The Supplementary Protocol on Democracy and Good Governance was adopted by ECOWAS as a normative framework to deepen democracy. It sets out the constitutional convergence criteria to be fulfilled by Community members based on the principles of good governance – respect for the rule of law, the separation of powers, the independence of the judiciary, the promotion of non-partisan and responsible mass media and the democratic control of the armed forces. It also commits Member States to ensure poverty alleviation, uphold, defend and promote international norms regarding basic human rights, including the rights of minorities, children, youth and women. The Protocol also advocates for the strict adherence to constitutional norms in electoral practices that reject unconstitutional accession to or maintenance of power.
Morocco wants to join ECOWAS without having to adhere with the constitutional convergence principles in the Protocol. It wants to maintain its present constitutional order and be an exception to the rule that democracy must prevail. It would be politically foolhardy to allow such an opening. When presidents Obasanjo, Tandja, Wade, Jammeh and the others sought to extend their rule, the Supplementary Protocol was raised as a banner signifying they would not be allowed to do it. The adhesion of Morocco into ECOWAS without the rules of the game means there would be no democratic banner to fly in the future. Morocco should be asked to first democratise its political system, give up the absolute rights of its Monarchy and then re-submit its application after that.
The other core principle that disqualifies Morocco’s application is its occupation of the Saharawi Arab Democratic Republic (SADR), in total disregard to one of the foundational principles of international law – the use of aggression and annexation of territories. The Moroccan occupation of Western Sahara in October 1975 clearly violated numerous UN and OAU resolutions. It would be recalled that the OAU was founded on the principle of the intangibility of colonial borders. The United Nations and the African Union have not accepted Morocco’s occupation of Western Sahara or recognised the legality of its forceful annexation of the territory. Morocco is an occupying power and it is currently engaged in “dollar diplomacy” to legitimise its occupation of another African country. We cannot abandon the Sahrawi people, who have been fighting Spanish colonial oppression and are today fighting Moroccan occupation of their country. Currently, Morocco is looting the phosphate resources of their colony and using it to provide fertiliser to West African countries it’s trying to persuade to allow it access into ECOWAS. Morocco is an African country and can return to the fold. It should however not be allowed to do so on its terms of remaining a colonialist.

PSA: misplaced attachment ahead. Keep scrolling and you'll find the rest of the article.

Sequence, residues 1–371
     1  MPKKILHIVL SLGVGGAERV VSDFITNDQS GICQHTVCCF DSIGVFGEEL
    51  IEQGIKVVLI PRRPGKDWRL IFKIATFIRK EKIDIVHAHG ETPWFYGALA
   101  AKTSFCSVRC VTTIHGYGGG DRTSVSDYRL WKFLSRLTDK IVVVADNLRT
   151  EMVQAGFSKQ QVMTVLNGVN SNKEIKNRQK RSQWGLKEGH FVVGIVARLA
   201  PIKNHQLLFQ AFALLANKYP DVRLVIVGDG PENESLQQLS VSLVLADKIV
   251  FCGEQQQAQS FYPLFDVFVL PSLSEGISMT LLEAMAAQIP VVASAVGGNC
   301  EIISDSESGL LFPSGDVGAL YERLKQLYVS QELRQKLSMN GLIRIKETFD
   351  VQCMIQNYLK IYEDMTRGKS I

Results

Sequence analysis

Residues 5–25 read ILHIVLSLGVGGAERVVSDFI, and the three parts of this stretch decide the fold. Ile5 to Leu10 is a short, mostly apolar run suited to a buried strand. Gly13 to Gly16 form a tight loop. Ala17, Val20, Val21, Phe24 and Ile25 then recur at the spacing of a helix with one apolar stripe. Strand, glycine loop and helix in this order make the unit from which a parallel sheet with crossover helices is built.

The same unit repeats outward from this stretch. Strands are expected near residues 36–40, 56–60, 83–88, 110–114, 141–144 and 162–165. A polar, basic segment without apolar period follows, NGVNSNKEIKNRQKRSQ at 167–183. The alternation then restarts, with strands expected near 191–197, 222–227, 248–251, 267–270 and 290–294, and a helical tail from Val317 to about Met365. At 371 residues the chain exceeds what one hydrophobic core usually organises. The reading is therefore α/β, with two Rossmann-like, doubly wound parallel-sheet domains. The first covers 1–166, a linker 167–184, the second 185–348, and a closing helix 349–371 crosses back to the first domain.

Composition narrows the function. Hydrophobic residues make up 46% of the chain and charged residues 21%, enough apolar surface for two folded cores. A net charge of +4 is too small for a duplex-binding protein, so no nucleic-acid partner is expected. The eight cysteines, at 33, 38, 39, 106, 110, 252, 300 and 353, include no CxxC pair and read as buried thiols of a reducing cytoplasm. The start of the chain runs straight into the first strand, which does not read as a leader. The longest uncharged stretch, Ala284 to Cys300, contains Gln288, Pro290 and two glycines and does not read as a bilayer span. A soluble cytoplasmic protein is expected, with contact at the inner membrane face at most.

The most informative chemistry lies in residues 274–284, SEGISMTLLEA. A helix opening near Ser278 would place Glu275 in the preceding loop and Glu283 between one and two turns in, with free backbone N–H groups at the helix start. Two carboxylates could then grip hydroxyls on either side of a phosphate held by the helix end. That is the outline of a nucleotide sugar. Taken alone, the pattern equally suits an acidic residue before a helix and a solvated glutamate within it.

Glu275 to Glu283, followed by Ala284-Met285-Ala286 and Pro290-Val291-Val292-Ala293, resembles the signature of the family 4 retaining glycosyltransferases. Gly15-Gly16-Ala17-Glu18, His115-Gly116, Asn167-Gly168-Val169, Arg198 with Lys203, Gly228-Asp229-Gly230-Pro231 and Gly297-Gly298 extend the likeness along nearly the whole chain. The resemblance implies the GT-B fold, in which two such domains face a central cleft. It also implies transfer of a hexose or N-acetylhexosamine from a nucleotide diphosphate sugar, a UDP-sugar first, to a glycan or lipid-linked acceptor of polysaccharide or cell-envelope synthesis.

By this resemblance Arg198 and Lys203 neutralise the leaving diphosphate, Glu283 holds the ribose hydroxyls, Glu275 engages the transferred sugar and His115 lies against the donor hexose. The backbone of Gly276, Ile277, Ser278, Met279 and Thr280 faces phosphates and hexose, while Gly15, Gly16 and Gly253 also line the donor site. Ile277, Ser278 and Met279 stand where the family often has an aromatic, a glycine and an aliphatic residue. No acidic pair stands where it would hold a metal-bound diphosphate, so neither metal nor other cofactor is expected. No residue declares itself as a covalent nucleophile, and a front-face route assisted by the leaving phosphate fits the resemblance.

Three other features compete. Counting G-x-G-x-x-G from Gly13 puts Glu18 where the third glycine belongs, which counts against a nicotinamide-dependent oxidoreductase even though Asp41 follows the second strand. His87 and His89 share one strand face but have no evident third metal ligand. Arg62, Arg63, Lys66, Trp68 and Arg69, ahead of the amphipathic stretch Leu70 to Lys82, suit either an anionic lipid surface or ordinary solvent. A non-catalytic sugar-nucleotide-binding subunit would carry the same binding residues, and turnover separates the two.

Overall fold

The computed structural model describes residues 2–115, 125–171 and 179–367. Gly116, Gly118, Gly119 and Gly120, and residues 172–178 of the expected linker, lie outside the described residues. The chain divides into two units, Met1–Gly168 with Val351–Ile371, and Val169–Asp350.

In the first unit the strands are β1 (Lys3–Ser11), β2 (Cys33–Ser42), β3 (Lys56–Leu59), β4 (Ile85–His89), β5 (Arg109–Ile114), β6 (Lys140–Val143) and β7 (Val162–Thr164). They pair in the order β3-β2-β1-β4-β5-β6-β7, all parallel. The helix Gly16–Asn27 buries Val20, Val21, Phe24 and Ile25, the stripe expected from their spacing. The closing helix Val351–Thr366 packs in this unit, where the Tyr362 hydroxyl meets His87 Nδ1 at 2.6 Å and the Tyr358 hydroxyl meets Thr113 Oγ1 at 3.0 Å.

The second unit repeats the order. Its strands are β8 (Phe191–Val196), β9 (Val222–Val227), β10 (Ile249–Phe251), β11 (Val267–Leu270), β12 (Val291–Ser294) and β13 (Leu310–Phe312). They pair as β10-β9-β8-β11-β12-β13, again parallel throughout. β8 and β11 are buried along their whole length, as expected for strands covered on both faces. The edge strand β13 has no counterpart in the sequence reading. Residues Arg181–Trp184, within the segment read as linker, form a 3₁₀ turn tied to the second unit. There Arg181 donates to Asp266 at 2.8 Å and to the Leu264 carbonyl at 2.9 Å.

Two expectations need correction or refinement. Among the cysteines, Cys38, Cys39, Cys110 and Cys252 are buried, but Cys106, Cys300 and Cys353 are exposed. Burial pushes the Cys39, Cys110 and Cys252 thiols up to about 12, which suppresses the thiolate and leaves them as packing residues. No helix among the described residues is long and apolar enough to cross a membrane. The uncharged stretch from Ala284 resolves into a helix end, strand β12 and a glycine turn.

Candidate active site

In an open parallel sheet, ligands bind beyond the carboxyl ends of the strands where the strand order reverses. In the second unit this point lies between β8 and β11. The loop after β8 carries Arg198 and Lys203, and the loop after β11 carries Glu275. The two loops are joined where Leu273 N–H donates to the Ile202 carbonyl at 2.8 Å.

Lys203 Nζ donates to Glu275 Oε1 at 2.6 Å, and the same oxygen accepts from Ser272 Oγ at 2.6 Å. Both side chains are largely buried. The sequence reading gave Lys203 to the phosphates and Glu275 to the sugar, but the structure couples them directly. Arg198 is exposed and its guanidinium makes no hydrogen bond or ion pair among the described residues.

It is important to point out the ECOWAS Strategic Vision is to transform the region from an “ECOWAS of States‟ into an “ECOWAS of the Peoples‟. Citizens are therefore the bedrock for the consolidation of integration. In Morocco, what you have are subjects of the King. We cannot have a two-tier region with citizens on one side and subjects on the other. It is important to note that although elections occur in the Kingdom, effective power is with the King.
Morocco is seeking for a phased entry into ECOWAS with two important exemptions. The first exemption is that it does not want to adhere to the constitutional convergence principles enunciated in the Supplementary Protocol on Democracy. It is not ready to accept the core democracy principle in the region. Secondly, it is insisting that the Protocol on Free Movement of Persons should not apply to it. In other words, it is only interested in the free movement of goods – Moroccan goods into West Africa. By insisting that West Africa’s two core principles should not apply to it, Morocco is clearly not sincere in its application. Precisely because Morocco is not ready to join ECOWAS as a member that accepts the values of the organisation, their application should be rejected. Other forms of cooperation with the zone could however be negotiated for mutual benefit of both.